WATCH: For seven years, former Mountie Krista Carle helped bring light to abuse and harassment within the RCMP. In July, she committed suicide after struggling for years with Post-Traumatic Stress Disorder (PTSD). At her memorial service today, friends and family remember the woman who made such an impact.
The poignant notes of the Last Post played at the end of the memorial service for former RCMP officer Krista Carle on Thursday.
Carle committed suicide in the backyard of her Sooke home on July 6.
But for seven years, she fought to bring to light abuse and harassment within the RCMP.
She spoke with CHEK News on October 6, 2016, after the RCMP apologized, and announced a $100 million settlement for past and present female employees who suffered harassment on the job.
“If you don’t stand up and do the right thing or help people that have been victimized then you’re no better than the people that have committed the crime,” Carle said.
Coming forward wasn’t easy for her.
She started with the RCMP in 1991.
Others in her graduating troop also suffered sexual harassment and bullying.
Janet Merlo started at the Nanaimo detachment with Carle.
“She was the one that was always together. she was always together. When you are having a bad day, she was, she would have her ups and downs. no doubt,” Merlo said. “There is lots of time that she reached out to us. and we did the same with her.”
Carle’s sisters, Kathryn Jarboe and Karen Carle, spoke about growing up with their baby sister, but also the important work she did after she left the RCMP.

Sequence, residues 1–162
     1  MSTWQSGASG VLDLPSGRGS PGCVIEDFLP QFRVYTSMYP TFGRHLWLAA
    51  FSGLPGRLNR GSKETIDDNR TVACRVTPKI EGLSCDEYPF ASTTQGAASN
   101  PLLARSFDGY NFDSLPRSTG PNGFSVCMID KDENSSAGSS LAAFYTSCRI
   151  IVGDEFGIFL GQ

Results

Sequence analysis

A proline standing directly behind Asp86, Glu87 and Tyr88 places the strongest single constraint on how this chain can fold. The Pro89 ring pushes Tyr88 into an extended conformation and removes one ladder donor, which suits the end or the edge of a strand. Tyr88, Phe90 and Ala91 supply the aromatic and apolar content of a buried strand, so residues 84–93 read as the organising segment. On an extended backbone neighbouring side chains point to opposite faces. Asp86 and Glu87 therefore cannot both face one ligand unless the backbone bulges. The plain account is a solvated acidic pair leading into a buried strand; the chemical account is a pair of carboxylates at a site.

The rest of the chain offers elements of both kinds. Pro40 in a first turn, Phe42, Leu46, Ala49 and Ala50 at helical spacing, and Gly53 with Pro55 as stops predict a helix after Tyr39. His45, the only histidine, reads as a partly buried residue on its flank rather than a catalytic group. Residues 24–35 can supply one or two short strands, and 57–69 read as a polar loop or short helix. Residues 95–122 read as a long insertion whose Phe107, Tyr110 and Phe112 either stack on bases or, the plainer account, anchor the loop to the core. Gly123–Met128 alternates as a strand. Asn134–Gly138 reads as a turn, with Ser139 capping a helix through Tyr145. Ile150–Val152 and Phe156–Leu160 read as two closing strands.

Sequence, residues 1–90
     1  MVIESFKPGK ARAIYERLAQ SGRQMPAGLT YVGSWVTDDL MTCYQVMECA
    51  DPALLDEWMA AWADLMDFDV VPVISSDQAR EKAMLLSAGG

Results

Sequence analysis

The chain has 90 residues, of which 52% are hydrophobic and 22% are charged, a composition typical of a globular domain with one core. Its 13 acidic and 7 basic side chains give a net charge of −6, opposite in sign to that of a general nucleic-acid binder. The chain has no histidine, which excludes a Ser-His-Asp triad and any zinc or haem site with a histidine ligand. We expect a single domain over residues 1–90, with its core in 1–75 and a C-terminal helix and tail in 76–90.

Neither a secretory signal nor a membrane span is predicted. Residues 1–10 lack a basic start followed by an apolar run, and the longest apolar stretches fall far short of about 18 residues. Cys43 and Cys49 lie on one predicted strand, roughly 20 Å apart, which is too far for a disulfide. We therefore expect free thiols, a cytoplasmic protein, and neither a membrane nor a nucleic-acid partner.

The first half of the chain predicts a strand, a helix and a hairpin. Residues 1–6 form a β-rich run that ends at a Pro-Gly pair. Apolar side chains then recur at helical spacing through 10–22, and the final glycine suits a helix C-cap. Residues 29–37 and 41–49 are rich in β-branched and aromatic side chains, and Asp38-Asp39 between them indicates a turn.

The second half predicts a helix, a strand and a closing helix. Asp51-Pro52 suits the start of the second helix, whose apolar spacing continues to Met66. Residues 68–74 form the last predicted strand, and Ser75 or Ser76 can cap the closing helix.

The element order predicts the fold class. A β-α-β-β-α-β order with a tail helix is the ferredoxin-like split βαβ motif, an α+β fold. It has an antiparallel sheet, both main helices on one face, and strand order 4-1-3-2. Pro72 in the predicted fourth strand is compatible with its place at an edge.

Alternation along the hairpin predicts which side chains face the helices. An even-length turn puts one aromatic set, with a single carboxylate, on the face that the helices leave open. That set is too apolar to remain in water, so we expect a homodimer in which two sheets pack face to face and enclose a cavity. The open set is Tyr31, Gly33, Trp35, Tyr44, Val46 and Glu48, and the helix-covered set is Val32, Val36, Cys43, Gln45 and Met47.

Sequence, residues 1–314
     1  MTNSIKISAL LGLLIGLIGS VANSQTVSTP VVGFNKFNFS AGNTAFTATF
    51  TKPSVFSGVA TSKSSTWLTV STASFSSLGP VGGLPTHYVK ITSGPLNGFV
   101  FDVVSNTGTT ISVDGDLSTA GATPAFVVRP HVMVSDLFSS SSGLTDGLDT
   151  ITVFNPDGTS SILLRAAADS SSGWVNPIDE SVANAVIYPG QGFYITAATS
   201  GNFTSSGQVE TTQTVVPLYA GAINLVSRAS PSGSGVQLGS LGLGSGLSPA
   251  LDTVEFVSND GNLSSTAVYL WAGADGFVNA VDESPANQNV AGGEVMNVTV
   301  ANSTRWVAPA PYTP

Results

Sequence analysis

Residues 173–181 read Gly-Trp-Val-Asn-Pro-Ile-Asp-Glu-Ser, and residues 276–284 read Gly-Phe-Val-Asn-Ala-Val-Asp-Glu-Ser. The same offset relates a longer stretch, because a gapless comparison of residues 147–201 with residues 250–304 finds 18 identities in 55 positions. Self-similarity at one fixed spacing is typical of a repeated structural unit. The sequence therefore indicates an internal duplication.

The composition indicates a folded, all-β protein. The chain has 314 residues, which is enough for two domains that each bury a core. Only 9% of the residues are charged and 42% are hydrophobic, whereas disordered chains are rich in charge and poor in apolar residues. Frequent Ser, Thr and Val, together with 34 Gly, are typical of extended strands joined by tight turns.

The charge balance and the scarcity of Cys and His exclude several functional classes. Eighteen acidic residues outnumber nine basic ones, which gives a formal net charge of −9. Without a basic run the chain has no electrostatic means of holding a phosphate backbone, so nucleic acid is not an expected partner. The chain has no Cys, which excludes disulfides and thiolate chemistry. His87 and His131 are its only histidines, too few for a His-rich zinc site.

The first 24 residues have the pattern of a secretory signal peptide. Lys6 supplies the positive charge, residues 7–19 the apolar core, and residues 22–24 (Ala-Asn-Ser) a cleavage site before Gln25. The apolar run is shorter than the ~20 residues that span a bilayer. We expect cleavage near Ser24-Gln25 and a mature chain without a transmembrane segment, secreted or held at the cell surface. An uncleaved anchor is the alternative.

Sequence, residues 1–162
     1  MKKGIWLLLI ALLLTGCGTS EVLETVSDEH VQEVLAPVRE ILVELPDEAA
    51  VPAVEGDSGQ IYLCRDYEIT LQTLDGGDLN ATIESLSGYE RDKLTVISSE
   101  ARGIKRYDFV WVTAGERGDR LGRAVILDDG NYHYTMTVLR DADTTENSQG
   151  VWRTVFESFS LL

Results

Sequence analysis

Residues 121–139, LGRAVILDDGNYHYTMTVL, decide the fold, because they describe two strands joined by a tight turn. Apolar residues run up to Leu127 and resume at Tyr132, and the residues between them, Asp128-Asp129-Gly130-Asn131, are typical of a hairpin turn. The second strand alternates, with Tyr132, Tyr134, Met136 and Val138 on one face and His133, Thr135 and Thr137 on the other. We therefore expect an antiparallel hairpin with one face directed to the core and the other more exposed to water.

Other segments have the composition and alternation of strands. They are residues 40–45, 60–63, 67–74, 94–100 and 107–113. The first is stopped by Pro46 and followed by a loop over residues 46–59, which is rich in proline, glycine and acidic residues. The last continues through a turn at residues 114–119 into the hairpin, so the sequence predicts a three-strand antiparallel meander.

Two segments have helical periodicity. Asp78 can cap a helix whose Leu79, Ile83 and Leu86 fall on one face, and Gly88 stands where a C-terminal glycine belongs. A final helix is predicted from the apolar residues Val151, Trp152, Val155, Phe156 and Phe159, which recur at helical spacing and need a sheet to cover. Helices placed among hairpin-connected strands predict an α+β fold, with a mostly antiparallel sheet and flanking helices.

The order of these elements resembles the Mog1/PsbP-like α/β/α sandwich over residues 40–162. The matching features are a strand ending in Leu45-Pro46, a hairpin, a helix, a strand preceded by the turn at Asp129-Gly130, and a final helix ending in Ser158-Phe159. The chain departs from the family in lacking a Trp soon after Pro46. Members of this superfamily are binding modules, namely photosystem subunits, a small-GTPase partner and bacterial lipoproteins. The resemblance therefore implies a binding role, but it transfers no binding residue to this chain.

“These women suffered. But the perpetrators they went on with their careers. And I think she wanted to fix that. For future women in the Mounties,” Jarboe said.
“She wanted to bring light to it, and make it a safe place for any young kids coming in to the RCMP that it’s a safe place in your workplace,” Karen Carle said.
Staff Sgt. Jeff McArthur got to know Carle when she introduced herself to him at the Sooke RCMP detachment after she moved to the community.
“My memories of her are of a happy, fun-loving person who despite the adversity, despite her torment, remained committed to helping others,” McArthur said.
But Carle’s struggles with PTSD from her time in the RCMP took a turn for the worse.
And her family wants to highlight her struggles, and they are not hiding from her death.
“I would also like to highlight Krista did commit suicide. I don’t want to say she died,” Jarboe said. “I want people to know that suicide is epidemic these days.”
Carle leaves behind three siblings, a partner, and two children.
Many of her former colleagues stood with Carle’s family as they released 27 balloons as a remembrance of her life.
“Krista, we love you!”